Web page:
In the winter garden, cutting dry Northern sea oats, I thought of this landscape, and drew strength.
Yesterday, I had a message from a colleague at the Art Institute. Times are hard there, the museum has closed again and many people have been furloughed. The AIC workers have set up a mutual aid society. Many kinds of aid can be given and received at this website, and you can donate money to the group here, which I did this morning, a colder day, 14 when we got up and began to ready ourselves.
1879 was an especially severe winter, and Pissarro was one of the great snow painters. But it wasn’t the snow in Rabbit Warren at Pontoise, Snow that brought the painting to mind, it was the sense of the thin lines of dry brush around the figure, the sense of his activity even as he holds still. In winter things are so near to death and, restrained, so active. A handful of thin lines, dry stems.
* * *
I find now that I have already written about Rabbit Warren, Pontoise in this notebook -- last April, the last snow of last winter. "Pissarro. Out of Season." When I wrote about it then, I said that I had thought to save this painting to write about later, I had expected to write about it in this winter, the winter of 2021, and that it was hard to imagine what that winter would be, and that I was writing of it in April because it had snowed. I had forgotten this when I thought of the painting, wrote of it again. So here are two moments of this pandemic year with Pisssarro -- one from an unexpectedly snowy day in April of 2020, another from an unexpectedly warm day in January, 2021, mutually reflective.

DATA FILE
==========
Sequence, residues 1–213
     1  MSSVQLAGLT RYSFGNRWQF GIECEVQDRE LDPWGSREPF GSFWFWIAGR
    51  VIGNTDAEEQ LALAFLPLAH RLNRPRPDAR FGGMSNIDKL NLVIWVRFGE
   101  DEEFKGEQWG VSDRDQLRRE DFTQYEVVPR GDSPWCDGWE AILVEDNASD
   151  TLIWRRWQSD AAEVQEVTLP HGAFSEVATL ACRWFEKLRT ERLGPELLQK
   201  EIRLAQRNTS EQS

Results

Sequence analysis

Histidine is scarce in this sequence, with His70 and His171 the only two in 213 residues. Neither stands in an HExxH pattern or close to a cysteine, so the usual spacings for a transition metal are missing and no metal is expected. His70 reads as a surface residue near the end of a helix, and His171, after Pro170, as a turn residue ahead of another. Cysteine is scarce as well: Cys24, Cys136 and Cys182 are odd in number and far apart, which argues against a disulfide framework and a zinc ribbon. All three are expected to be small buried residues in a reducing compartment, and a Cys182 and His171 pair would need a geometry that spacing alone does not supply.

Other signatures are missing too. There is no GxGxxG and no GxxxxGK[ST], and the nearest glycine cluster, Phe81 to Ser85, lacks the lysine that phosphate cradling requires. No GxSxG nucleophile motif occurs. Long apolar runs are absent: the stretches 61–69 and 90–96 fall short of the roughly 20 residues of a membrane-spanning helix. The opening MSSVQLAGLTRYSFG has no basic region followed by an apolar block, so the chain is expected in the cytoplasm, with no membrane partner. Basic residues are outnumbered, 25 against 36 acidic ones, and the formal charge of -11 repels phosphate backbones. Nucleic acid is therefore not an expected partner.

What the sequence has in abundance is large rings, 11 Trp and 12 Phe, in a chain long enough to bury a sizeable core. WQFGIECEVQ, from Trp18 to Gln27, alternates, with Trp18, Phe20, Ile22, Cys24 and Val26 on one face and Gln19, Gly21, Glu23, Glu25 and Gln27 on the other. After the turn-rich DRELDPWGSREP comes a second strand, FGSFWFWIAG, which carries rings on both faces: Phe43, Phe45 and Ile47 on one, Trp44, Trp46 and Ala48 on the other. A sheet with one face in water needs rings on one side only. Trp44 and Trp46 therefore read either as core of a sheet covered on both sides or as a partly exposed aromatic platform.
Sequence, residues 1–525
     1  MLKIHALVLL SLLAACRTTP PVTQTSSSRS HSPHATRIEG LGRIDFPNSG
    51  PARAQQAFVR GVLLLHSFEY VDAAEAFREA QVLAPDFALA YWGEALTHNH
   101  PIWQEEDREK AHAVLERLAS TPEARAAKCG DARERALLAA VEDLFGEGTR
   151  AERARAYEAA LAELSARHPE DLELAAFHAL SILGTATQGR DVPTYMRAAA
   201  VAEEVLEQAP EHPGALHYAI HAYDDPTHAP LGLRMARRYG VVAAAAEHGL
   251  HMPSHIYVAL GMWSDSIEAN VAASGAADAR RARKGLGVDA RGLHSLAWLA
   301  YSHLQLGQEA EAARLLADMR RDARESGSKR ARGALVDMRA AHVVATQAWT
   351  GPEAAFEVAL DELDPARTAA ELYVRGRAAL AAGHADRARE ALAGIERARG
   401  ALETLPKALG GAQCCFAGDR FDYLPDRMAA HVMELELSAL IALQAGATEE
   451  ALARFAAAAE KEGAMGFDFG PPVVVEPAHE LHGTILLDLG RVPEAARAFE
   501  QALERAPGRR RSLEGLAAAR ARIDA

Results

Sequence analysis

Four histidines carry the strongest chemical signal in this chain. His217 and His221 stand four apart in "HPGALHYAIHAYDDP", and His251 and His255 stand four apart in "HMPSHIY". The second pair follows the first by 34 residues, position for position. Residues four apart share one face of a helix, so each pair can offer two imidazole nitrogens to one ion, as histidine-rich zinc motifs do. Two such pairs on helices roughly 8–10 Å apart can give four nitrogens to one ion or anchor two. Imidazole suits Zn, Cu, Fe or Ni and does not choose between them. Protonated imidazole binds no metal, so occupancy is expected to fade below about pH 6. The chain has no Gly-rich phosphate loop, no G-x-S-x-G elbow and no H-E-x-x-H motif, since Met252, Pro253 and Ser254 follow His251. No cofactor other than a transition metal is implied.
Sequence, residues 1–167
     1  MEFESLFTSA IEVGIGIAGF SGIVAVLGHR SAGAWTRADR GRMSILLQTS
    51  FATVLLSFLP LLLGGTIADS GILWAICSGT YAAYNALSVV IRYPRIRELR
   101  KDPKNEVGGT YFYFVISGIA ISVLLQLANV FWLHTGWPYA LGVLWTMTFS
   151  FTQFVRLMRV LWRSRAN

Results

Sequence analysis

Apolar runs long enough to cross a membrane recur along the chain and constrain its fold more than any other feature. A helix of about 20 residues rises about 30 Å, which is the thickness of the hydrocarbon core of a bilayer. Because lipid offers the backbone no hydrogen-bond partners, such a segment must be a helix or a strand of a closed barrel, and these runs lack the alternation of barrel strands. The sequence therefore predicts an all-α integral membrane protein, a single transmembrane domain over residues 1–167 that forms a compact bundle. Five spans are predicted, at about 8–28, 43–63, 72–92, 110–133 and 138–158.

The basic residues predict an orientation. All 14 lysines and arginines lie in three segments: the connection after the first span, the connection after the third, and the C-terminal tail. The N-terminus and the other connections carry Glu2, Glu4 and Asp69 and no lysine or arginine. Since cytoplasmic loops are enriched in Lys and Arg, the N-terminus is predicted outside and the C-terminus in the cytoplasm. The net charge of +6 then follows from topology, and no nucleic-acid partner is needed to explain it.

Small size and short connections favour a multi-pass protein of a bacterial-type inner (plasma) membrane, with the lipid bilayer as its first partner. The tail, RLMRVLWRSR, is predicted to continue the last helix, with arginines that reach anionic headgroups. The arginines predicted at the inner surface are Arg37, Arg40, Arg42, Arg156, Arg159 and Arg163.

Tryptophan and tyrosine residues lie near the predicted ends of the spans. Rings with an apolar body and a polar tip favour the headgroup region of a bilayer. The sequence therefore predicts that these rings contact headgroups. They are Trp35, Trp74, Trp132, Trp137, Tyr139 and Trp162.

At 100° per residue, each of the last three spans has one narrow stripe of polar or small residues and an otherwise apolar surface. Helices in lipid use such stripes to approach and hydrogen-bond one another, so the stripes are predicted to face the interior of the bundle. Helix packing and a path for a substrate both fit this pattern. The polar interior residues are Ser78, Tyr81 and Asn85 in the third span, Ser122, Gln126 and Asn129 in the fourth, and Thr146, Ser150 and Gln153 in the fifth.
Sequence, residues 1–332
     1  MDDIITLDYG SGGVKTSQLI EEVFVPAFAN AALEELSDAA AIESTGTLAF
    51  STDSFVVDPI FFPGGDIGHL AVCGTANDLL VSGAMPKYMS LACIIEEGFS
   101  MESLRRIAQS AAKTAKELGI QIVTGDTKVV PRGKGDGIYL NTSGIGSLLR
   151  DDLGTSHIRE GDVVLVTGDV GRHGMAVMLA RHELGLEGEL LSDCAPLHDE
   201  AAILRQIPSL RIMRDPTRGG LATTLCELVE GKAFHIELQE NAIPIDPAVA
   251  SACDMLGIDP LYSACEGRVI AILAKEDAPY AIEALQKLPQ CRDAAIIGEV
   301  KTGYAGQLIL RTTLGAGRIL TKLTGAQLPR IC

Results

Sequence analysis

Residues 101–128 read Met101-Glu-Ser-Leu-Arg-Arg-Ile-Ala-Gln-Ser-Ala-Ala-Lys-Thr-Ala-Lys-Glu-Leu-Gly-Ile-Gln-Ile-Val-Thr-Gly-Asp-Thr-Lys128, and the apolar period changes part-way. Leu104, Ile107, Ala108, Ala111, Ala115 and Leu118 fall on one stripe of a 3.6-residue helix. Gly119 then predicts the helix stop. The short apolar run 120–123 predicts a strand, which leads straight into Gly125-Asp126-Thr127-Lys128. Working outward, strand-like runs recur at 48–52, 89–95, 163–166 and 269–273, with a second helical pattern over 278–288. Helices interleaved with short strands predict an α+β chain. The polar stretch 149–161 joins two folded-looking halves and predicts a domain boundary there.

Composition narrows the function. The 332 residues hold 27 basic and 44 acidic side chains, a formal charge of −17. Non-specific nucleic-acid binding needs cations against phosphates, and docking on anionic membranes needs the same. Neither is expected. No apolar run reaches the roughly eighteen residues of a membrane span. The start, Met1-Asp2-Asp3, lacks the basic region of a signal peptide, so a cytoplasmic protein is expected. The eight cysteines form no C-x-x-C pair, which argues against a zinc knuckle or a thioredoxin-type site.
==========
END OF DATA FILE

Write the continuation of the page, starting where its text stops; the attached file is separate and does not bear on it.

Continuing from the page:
* * *
Often for these notebook pieces, I write a little dedication line at the end. While I was working in the garden, a few people came to mind. One was Richard Brettell, art historian, curator and museum director, whom I met once, and whose books on Pissarro matter very much to me. I wrote the dedication, and, imagining that I would send him a note, searched for him and found that he died of cancer in July of this past year.
Richard Brettell was a curator of European paintings at the Art Institute of Chicago in the 1980s, and so he would have known this painting well. When I have had time to think about his work and to revisit in mind the hour I spent talking with him, I will try to write about that.
The news of his death seemed to have come through the dried grasses, the sense of the painting. But his death was not what I set out to write about. I set out to tell you that yesterday it was 39 degrees in Chicago, it was sunny, there was snow around the sea oats, three men talked in the alley near a truck, and that the scene made me think of Pissarro.